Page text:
Time To Put Back Teenage Pregnancy, Abortion On The Political Agenda

By Edinah Masiyiwa

As we commemorate both the International Safe Abortion Day on the 28th  September and World Contraception Day on the 26th of September, we should be sure to focus on the problem of early unintended pregnancies among girls ages 10 to 14 years. A few weeks ago, news of these early pregnancies was featured in different media of Zimbabwe thanks to a new survey conducted on the topic which revealed that the adolescent 10 to 19 years pregnancy rate is at 23%..

A United Nations Populations Fund  report in 2016 noted the increase of adolescent pregnancies from 99 live births per 1000 girls to 115 live births per 1000 girls. The same report highlighted that early sexual debut and sexual abuse of females increased the girls’ risk of unintended pregnancies and  54% of girls aged 10 – 14 years who had ever had sex experienced rape or forced sex on their first sexual encounter.

On the global arena, the neglected crisis of unintended pregnancy was the subject of UNFPA’s flagship 2022 State of World Population report. The report examined how such pregnancies represent a global failure to uphold basic human rights. The report states that more than three in five unintended pregnancies end in abortion. An estimated 45 percent of all abortions are unsafe, carried out in countries where the procedure is illegal, restricted, or unaffordable in safe settings. Unsafe abortion hospitalizes around 7 million women a year globally and is a leading cause of maternal death.   

Zimbabwe has gone through an election process and the President was inaugurated on the 4th of September 2023. The period leading to the elections saw a number of organisations and even the parliament disengaging in the development agenda as focus was on whether or not the parliamentarians would secure a place in the next parliament. The Parliament of Zimbabwe was dissolved on the 22nd of August in line with the provisions of the constitution.

It is disturbing how politics can derail the whole development agenda. Organisation working on reproductive justice had gathered momentum on the abortion issue, as was noted by the Health Times when they reported that Parliament was warming up to the issue of abortion. The previous members of Parliament had  capacity building sessions on access to safe abortion including the termination of pregnancy. Actually, we had parliamentary champions on Sexual and Reproductive Health and Rights (SRHR) who had been trained on SRHR including abortion. These members of Parliament were ready to raise a motion on the review of the current Termination of Pregnancy Act.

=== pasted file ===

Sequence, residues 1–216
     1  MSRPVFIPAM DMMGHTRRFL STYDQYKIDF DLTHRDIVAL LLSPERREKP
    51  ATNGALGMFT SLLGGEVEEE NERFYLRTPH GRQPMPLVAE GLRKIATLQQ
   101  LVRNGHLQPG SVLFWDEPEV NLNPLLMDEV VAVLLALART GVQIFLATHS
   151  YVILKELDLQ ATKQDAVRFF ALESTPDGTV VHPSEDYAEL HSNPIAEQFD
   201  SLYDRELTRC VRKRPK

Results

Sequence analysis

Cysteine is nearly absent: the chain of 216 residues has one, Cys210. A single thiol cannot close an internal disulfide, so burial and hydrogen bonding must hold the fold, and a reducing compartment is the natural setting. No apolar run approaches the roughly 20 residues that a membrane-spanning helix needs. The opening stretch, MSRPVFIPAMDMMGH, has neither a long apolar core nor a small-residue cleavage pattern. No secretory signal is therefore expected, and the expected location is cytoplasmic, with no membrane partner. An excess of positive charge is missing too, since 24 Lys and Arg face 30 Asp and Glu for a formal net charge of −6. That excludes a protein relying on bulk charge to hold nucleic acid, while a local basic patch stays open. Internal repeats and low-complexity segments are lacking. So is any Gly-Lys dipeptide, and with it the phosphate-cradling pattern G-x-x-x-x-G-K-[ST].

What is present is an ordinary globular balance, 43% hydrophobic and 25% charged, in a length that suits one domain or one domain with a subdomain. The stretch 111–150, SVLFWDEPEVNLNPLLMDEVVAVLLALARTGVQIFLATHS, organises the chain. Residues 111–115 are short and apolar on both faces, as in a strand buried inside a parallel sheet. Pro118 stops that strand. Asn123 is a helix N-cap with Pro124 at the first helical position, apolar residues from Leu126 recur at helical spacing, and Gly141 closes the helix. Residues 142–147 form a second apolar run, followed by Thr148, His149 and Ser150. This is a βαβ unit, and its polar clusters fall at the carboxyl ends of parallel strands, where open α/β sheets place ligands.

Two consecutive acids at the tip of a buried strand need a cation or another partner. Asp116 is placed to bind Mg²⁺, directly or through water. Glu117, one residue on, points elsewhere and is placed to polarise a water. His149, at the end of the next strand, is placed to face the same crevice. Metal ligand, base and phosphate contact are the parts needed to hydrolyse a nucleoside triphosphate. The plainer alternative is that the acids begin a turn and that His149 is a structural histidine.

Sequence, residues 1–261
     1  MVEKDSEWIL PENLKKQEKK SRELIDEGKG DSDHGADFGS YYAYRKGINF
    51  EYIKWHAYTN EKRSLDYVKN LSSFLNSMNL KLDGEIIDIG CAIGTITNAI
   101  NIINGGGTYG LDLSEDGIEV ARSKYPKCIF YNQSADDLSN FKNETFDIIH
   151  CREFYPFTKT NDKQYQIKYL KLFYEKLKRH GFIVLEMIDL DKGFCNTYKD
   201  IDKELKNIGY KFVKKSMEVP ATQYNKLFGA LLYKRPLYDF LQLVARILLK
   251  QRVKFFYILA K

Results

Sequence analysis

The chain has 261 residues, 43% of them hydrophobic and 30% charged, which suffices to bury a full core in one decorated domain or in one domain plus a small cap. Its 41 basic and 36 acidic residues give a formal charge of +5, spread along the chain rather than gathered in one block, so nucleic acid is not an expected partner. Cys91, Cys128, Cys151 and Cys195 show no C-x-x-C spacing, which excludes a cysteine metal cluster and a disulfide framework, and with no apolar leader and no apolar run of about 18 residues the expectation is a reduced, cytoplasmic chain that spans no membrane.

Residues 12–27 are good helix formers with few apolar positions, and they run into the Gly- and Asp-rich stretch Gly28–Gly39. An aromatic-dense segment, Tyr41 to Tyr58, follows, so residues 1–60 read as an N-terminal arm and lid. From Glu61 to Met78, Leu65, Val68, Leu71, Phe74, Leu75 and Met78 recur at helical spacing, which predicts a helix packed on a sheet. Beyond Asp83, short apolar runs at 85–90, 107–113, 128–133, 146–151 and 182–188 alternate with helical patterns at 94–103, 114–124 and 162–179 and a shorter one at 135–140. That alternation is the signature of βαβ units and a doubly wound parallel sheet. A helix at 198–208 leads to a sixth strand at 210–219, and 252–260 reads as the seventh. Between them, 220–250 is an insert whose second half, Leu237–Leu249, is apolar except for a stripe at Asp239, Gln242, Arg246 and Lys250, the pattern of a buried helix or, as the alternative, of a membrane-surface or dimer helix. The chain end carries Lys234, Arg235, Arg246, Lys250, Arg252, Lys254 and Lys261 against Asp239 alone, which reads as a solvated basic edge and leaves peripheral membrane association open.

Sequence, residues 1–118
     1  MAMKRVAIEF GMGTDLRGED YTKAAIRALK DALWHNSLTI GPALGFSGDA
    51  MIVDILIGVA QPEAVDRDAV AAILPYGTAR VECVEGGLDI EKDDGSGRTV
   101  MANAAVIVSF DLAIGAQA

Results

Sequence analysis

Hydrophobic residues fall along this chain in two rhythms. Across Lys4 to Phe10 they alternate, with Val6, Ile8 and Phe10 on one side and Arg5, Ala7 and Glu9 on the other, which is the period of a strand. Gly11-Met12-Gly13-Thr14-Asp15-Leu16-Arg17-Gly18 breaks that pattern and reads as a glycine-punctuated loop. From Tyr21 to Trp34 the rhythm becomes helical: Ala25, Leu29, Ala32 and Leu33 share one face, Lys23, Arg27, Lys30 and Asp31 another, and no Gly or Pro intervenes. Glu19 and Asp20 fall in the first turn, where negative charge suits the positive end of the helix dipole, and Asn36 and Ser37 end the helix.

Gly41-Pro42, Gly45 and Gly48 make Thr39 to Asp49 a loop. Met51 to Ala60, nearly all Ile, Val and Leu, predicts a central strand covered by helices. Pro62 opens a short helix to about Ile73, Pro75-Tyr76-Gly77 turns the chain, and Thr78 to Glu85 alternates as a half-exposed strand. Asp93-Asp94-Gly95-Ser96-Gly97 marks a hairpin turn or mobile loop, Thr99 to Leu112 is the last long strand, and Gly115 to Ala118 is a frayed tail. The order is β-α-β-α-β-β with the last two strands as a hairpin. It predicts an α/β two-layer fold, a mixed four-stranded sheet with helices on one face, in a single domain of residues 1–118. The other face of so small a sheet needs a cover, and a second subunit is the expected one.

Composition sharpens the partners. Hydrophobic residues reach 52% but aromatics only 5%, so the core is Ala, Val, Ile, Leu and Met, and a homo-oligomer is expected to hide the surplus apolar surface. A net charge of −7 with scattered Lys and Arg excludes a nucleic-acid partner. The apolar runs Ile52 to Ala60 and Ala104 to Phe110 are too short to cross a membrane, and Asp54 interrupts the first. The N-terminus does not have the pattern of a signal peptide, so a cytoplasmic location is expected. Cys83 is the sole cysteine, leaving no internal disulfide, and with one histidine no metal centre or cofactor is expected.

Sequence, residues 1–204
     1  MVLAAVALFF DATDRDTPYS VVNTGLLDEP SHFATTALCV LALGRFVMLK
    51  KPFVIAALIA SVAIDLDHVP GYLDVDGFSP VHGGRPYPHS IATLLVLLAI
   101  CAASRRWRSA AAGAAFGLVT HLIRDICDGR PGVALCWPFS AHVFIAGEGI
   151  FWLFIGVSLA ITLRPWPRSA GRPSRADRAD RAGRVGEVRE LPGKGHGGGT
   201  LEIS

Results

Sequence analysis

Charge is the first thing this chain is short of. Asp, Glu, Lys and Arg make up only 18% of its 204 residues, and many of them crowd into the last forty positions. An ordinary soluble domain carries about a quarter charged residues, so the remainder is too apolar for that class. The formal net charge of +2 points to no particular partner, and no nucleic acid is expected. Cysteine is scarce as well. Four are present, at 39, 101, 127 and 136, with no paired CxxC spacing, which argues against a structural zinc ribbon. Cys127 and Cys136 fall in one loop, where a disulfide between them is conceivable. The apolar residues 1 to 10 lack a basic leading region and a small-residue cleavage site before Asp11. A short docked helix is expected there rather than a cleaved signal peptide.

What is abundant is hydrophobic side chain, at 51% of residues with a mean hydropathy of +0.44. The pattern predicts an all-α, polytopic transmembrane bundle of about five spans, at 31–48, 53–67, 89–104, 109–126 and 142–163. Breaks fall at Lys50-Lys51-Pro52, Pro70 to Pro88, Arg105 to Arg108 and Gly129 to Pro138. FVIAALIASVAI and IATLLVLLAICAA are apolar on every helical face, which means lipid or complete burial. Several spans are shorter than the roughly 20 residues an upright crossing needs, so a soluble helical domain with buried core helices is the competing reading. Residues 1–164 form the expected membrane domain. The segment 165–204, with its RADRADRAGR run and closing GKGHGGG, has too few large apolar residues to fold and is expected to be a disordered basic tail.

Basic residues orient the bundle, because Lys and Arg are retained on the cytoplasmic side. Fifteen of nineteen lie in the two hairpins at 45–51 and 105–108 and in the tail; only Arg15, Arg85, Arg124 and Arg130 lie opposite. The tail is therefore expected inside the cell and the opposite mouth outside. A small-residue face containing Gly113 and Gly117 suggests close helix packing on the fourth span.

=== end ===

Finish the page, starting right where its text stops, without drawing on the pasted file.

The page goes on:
These two days we are commemorating provide an opportunity for us to relaunch the advocacy campaign for access to safe abortion and contraceptives, particularly for the adolescent girls. The connection between the two days provides a great opportunity for advocacy.

In a statement, the late former UNFPA Executive Director said in 1994, “Healthy families are created by choice, not by chance.”

Almost thirty years later, the same is still true. The country needs healthy families and it’s time we talk about choice to have a child or not as we fight for reproductive justice. The time to push the contraception and access to safe abortion is now, when we have a new parliament.

With the problem of unsafe abortions still a major contributory factor to maternal mortality in Zimbabwe, there is need to put back the issue of teenage pregnancy as well as the Termination of Pregnancy Act on the agenda of the new parliament. The policy framework should allow sexually active adolescents to access contraceptives in order to prevent unwanted pregnancies. Adolescent girls who have unwanted pregnancies, should be allowed to terminate if they choose to do so. Unwanted pregnancies affect the health of individuals as well as families. The Parliament is mandated to make or enact laws that protect and uphold women and girls’ rights and the termination of Pregnancy Act (1977) is one law that needs to be reviewed as it no longer serves women and girls of this day.  Forty-six years later, women’s bodies are being regulated by this law. The concept of bodily autonomy is being violated.

I am also calling on health service providers to give adolescents free contraceptives if they ask. Health workers should not stigmatise these girls as this might be a barrier to accessing care. Our society as a whole should also be aware of the changes that are there which are evident in young girls having such an early sexual debut.

Parents and guardians should also protect young girls from sexual abuse as this has been identified as one of the causes for unwanted pregnancies.

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